It’s been 40 years since a delegation of Alberta home builders disrupted a national industry conference by putting forward a motion to allow the establishment of home warranty programs that would be operated by provincial associations and without federal government involvement.
It was 1974, the same year OPEC removed its oil embargo, heiress Patty Hearst was kidnapped by the Symbionese Liberation Army, and U.S. president Richard Nixon resigned, so it’s no surprise this made-in-Alberta, industry-changing announcement didn’t rate front-page coverage. What the fledgling New Home Certification Program of Alberta, the first provincial home warranty program in Canada, did do was forever change the relationship between builder and homebuyer across Alberta.
Today, as the Alberta New Home Warranty Program (ANHWP), it continues to ensure both buyer and builder retain a healthy relationship during and after construction.
John Martin, named vice-president of business development for the builder-funded ANHWP just two weeks ago, has as part of his mandate the responsibility to not only attract new members, but to keep a watchful eye on the two-way relationship.
“I want to ensure the satisfaction level of the builder-membership and quarterback any needs they have,” he says from his Calgary office. “And I also want to be diligent in making sure everyone, builder and homebuyer, is happy.”
Martin, who has 15 years experience in the home warranty sector, mostly with the rival National Home Warranty Program Ltd., was named to his newly created position by John Kozole, ANHWP’s president and chief executive.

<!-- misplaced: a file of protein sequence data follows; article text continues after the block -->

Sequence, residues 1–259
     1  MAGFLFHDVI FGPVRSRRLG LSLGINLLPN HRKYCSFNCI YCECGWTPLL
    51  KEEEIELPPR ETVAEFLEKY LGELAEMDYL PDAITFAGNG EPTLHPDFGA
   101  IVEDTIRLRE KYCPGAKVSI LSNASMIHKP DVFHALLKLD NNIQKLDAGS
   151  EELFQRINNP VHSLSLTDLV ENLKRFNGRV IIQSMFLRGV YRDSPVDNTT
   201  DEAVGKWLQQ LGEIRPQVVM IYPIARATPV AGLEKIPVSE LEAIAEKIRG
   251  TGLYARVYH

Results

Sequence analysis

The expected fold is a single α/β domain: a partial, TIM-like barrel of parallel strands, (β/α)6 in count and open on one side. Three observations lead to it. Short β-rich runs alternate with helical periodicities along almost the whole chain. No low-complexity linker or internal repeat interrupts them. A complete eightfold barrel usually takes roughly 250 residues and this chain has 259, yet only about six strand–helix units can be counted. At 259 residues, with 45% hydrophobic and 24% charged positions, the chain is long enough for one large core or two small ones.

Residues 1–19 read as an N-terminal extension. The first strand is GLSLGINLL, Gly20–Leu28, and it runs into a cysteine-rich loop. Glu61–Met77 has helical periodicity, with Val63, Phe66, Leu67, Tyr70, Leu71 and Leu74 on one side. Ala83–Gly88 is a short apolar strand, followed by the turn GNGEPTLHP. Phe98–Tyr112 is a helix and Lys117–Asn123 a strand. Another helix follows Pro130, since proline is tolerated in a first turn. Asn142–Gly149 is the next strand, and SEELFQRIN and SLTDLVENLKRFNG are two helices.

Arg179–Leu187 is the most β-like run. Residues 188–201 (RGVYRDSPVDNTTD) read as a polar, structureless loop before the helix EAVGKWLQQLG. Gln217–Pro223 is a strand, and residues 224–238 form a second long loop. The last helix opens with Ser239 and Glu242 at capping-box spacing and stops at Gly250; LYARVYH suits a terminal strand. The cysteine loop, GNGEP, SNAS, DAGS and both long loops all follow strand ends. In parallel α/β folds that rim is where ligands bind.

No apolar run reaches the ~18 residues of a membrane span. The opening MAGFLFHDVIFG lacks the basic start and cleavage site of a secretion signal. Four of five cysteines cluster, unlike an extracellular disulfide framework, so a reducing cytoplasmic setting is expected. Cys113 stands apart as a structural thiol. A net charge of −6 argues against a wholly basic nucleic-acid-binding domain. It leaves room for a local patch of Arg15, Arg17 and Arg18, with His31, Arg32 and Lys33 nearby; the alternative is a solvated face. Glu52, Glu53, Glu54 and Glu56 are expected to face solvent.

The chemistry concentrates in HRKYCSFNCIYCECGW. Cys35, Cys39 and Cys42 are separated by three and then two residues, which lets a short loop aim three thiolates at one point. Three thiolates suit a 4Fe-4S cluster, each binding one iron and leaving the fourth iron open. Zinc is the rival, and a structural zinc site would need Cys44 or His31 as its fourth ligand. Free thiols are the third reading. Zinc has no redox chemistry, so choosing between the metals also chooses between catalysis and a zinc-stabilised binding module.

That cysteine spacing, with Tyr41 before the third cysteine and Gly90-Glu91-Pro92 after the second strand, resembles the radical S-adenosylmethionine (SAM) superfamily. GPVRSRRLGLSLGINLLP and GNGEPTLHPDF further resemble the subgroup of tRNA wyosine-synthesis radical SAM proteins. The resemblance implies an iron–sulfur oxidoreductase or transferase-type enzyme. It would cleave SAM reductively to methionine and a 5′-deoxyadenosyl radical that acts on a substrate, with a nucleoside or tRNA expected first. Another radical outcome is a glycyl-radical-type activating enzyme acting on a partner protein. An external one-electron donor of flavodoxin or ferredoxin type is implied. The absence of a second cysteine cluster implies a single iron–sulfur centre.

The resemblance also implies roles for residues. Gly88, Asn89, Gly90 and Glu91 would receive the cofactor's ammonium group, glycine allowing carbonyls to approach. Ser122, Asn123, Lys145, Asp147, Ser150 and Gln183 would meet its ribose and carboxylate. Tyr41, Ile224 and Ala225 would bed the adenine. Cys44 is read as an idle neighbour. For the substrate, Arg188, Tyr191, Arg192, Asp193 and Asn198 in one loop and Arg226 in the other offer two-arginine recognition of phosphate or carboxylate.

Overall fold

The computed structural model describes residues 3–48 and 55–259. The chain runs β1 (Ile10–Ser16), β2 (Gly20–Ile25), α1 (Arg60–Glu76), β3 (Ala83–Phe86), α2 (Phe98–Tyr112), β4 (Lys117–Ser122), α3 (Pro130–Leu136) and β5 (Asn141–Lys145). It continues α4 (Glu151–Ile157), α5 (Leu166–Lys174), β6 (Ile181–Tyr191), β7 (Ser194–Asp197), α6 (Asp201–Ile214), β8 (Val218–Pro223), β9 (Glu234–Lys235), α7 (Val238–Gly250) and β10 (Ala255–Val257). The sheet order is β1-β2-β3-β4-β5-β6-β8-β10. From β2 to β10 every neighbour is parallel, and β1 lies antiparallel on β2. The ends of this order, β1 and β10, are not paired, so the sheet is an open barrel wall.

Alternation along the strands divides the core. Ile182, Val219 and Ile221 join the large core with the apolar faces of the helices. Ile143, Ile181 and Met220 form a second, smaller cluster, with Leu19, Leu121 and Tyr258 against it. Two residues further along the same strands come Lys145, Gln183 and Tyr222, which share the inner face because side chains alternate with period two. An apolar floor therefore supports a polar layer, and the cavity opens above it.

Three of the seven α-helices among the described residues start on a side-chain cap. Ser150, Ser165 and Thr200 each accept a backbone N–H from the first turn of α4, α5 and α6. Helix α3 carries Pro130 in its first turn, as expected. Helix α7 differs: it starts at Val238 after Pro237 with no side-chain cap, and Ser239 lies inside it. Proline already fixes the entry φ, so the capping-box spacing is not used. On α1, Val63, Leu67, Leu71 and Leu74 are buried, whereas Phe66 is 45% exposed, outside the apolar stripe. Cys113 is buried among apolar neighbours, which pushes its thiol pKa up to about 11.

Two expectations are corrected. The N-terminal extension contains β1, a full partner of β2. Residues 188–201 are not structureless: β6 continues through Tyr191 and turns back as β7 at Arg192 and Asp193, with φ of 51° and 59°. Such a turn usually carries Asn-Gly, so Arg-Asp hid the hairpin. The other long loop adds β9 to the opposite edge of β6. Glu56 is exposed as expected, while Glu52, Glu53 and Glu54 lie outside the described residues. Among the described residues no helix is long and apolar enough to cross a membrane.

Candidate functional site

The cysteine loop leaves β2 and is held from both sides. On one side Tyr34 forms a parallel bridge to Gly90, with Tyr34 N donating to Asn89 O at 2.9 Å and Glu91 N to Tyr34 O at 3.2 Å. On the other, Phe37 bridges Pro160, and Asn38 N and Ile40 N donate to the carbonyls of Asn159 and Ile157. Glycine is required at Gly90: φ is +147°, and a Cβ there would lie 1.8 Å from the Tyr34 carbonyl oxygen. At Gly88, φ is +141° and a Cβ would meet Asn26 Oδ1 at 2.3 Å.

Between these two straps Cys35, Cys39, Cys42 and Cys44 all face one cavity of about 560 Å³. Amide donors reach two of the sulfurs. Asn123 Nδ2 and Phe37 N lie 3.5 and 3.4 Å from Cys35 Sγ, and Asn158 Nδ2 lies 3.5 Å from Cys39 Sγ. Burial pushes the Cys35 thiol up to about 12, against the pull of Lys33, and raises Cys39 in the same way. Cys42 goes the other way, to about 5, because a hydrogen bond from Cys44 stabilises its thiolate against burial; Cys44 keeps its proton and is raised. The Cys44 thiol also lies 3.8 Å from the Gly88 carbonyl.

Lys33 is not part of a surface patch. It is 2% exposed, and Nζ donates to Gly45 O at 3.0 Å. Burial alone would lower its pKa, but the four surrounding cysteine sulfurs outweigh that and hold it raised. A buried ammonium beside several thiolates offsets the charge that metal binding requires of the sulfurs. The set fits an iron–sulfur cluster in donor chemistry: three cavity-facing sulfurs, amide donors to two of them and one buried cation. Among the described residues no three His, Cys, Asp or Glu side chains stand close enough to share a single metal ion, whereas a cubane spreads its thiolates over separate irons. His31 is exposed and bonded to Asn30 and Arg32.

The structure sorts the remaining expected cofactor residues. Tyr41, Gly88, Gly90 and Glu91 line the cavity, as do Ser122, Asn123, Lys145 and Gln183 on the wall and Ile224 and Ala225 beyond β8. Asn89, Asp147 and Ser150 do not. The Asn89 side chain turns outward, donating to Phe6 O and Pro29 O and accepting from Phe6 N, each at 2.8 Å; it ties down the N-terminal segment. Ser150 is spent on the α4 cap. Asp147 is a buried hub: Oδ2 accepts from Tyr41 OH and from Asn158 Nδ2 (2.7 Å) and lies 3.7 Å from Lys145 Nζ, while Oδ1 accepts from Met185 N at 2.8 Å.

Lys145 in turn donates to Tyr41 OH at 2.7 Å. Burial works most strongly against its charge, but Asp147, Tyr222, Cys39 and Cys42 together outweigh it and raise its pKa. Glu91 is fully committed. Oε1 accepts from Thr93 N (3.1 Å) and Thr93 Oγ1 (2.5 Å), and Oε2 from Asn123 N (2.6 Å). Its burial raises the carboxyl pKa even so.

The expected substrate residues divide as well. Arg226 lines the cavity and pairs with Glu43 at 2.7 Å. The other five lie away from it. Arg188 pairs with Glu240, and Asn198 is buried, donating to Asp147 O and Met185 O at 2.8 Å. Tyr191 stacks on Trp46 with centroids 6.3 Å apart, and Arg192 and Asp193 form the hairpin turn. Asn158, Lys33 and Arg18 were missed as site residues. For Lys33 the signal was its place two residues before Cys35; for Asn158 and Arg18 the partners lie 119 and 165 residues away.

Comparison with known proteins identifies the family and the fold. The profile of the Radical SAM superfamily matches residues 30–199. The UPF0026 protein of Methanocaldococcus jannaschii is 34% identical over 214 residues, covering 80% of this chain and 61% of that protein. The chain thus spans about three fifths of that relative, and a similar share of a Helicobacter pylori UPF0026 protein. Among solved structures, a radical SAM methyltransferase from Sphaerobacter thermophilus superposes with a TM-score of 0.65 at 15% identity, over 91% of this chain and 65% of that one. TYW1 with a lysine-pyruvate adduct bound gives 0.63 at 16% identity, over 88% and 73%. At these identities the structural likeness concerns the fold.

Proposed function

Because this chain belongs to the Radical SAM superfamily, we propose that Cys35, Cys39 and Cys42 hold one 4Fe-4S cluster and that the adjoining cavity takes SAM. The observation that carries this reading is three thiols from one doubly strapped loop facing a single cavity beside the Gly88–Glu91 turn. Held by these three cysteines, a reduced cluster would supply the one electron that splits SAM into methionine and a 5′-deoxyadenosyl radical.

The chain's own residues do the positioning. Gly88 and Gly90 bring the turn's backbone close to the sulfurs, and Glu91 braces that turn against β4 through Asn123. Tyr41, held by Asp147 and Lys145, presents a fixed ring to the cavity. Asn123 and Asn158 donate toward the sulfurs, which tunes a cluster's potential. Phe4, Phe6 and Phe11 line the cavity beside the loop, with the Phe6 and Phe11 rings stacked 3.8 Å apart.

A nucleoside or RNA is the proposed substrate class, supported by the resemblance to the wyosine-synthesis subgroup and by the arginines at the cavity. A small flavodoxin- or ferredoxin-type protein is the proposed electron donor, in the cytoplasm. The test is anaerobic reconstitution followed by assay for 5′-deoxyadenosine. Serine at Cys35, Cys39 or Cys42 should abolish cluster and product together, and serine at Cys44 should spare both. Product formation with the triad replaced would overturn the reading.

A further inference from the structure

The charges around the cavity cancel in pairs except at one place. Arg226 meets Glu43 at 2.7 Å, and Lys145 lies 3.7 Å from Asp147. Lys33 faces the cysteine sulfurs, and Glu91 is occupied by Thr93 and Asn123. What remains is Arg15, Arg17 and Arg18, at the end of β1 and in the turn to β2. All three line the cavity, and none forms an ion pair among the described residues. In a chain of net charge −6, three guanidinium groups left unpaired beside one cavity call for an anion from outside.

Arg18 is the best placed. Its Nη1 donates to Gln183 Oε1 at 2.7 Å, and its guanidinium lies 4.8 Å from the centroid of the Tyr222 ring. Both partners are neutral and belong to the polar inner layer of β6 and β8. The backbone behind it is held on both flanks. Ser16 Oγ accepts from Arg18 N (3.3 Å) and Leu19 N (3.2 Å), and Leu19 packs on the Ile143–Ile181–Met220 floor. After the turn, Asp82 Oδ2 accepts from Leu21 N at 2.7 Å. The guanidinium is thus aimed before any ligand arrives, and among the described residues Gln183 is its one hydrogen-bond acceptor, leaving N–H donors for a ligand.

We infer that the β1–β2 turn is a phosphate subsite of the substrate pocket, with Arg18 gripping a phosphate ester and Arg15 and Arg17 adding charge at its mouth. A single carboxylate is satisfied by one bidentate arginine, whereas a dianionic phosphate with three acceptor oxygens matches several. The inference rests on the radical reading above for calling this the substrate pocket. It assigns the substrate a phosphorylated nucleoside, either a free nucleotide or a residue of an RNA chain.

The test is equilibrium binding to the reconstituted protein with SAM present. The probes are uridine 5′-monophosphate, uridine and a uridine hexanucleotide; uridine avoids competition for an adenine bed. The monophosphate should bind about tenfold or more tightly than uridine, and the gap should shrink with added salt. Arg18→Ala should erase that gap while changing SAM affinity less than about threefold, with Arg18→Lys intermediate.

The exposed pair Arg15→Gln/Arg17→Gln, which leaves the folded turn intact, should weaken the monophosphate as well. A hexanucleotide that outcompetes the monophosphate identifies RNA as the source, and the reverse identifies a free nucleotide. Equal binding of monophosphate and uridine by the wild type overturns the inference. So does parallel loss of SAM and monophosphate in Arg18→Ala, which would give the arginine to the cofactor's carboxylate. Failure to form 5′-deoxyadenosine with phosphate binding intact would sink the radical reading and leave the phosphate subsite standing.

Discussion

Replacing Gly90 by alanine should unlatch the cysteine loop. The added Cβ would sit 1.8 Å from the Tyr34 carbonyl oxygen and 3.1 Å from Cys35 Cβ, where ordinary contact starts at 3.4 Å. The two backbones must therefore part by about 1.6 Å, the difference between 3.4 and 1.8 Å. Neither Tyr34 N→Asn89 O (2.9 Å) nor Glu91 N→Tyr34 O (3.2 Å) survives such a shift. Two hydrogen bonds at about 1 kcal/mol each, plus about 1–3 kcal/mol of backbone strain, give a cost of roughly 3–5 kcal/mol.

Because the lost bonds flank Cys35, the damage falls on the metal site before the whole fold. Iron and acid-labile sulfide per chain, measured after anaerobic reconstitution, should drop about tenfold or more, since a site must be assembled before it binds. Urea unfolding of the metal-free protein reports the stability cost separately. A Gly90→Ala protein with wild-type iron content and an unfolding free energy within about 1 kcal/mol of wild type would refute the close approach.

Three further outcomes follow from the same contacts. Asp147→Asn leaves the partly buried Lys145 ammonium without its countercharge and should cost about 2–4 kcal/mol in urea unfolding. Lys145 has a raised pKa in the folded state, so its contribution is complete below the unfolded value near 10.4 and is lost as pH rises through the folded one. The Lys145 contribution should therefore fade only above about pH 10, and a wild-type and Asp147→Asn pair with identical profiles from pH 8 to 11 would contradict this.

“(ANHWP) is very focused on our ability to provide exceptional service to our customers. This position is entirely new to our organization and we are excited to have someone with John’s experience lead the way on this initiative,” says Kozole, who heads up the 700-member organization.
Still settling into his new role, Martin says there is much to do in the days ahead to make sure ANHWP maintains its standing as the “premier provider” of home warranty protection in Alberta and Canada.
“I have always had respect for what this program does for the homeowners, as well as for its builder members,” he says. “The after-sale service provided through the program has always been great, and it will be part of my responsibility to get even better at it by focusing on what we can do better for the homeowner, and for the builder.”
The ANHWP mandate is to provide an array of warranty products that offer comprehensive protection and provide builders and homeowners with the resources to resolve issues, honour specific industry standards, and to become better educated about the new home construction process. Among its services are pre-possession insurance, 10-year protection against structural defects and other coverages ranging from one to five years. It also offers arbitration and mediation services. And with the implementation earlier this year of mandatory warranty coverage, ANHWP played a key role in forming the new coverage levels required by the Alberta government, something Kozole says is “validation of the strength” of ANHWP.
“In the world of mandatory warranties, we continue to thrive, so in that way it’s business as usual,” says Martin, who adds that ANHWP’s products and services being offered exceeds the mandatory levels.